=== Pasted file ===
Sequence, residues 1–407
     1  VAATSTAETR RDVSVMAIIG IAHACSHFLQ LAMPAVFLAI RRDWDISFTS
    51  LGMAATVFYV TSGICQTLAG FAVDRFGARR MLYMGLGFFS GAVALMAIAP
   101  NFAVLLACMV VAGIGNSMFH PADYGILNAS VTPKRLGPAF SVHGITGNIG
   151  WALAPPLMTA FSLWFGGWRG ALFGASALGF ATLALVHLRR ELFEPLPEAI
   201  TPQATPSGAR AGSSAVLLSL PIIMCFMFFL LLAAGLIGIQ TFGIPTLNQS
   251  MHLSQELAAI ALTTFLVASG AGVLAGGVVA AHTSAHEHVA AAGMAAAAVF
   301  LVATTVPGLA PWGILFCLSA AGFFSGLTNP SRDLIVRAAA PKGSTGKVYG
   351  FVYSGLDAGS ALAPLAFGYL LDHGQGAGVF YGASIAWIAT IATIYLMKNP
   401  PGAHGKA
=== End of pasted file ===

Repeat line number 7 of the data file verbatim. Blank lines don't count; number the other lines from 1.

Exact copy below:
   251  MHLSQELAAI ALTTFLVASG AGVLAGGVVA AHTSAHEHVA AAGMAAAAVF